Tartan 4000: A Command Performance
Loaded with comforts, this mid-line family cruiser is a rock-solid sailer. "Boat Review" from our November 2011 issue.
The middle of March is typically not a time that New Englanders rush to go sailing, but that’s exactly when I found myself hustling down the highway toward Mamaroneck, New York, to catch up with Tim Jackett and get a look at his latest addition to the performance-cruiser genre, the Tartan 4000. Like other recent sailboats from the Tartan Marine Company facilities in Painesville, Ohio, the 4000 hits both corner posts of its design brief square on: Elegantly rendered creature comforts are encapsulated by a slippery hull and a power-packed sail plan that promises—and delivers—a seakindly and spirited ride.
I managed to arrive for our sail a few minutes early, which meant that I could take my time walking the length of the boat, beginning at the Delta Anchor mounted on the dual-roller stem fitting, strolling past two Harken headsail furlers, part of what Tartan call its Cruise Control Rig, then under the carbon-fiber mast with dual swept-back spreaders and a Park Avenue boom to arrive at the pair of custom-molded pre-preg carbon helm pedestals at the aft end of a very spacious cockpit. Those pedestals, I’d learn, were designed by Jackett with an opening where they meet the cockpit seats, allowing a 6-foot-plus crewmember to stretch out and relax. The seats themselves flank a stylish teak fold-down table, the aft end of which doubles as an instrument pod and the home to a small electrical panel that controls exterior and navigation lights.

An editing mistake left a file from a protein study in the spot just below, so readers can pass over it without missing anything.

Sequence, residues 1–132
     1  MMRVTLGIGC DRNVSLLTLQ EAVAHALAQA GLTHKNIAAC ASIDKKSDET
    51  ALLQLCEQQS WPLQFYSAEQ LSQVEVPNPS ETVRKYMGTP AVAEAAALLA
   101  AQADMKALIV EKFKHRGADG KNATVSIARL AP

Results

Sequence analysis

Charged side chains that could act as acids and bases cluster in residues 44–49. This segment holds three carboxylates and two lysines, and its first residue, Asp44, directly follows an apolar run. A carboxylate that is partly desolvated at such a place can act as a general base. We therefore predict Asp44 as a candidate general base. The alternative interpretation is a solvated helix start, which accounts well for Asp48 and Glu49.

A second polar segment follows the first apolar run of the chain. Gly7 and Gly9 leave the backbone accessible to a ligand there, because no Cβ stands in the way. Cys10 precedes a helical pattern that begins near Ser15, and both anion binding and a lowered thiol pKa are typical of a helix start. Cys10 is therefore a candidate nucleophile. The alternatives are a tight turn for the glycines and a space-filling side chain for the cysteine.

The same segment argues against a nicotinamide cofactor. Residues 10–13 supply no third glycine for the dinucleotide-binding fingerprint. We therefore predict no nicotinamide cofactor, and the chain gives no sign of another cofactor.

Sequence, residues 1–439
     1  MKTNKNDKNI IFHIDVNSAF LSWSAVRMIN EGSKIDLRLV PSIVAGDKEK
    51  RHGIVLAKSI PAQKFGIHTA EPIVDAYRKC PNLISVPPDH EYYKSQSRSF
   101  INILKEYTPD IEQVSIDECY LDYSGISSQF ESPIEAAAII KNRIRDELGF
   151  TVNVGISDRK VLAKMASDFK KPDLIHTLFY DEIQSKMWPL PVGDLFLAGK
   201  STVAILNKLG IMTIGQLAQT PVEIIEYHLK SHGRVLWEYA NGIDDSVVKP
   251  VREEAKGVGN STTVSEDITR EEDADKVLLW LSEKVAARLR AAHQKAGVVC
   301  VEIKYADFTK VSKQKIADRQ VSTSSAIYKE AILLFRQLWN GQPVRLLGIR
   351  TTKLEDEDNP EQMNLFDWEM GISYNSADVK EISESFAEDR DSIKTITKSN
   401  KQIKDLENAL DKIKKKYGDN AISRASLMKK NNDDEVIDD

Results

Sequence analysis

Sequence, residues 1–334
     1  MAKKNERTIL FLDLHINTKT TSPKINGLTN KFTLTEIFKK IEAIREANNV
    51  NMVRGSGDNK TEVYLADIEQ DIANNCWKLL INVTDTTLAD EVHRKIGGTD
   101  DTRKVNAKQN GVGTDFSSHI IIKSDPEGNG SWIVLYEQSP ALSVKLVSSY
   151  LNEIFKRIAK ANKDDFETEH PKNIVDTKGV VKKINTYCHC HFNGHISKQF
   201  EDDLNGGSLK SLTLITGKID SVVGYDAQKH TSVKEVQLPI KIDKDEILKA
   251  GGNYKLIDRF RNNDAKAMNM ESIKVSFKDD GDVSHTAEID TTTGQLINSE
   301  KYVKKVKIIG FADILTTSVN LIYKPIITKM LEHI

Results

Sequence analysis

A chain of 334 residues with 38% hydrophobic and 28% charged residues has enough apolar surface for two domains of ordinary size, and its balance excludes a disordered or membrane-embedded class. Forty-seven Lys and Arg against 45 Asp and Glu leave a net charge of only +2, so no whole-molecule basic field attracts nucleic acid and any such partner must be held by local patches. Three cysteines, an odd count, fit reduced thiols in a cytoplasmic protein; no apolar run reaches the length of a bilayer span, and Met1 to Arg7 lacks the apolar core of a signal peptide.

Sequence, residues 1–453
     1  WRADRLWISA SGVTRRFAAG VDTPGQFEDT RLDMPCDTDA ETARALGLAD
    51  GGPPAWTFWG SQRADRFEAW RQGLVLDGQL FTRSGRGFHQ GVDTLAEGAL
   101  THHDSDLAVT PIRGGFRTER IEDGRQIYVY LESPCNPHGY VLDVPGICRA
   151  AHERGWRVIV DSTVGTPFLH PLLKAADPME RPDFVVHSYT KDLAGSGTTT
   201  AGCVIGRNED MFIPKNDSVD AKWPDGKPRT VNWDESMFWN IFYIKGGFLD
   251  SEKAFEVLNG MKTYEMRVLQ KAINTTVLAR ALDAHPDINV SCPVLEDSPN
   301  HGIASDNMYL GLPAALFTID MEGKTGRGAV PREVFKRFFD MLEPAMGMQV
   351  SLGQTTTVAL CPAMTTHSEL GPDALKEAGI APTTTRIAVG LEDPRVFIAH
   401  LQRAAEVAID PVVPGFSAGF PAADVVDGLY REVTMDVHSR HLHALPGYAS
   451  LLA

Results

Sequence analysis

With its dark-blue hull, a white, low-profile cabin, and solid bulwarks sporting teak rubrails and toerails, the many elements of the 4000 blend together with traditional good looks. And those many small details sprung to life once Jackett climbed aboard to discuss the elements he’s designed into a sailboat that sits at the midpoint of a line that ranges from 34- to 53-footers.
The first element he pointed out was the width the deck carries aft from the shoulders; it adds to the considerable volume below, but in a way that allows the hull to taper at the waterline so that sailing performance isn’t diminished.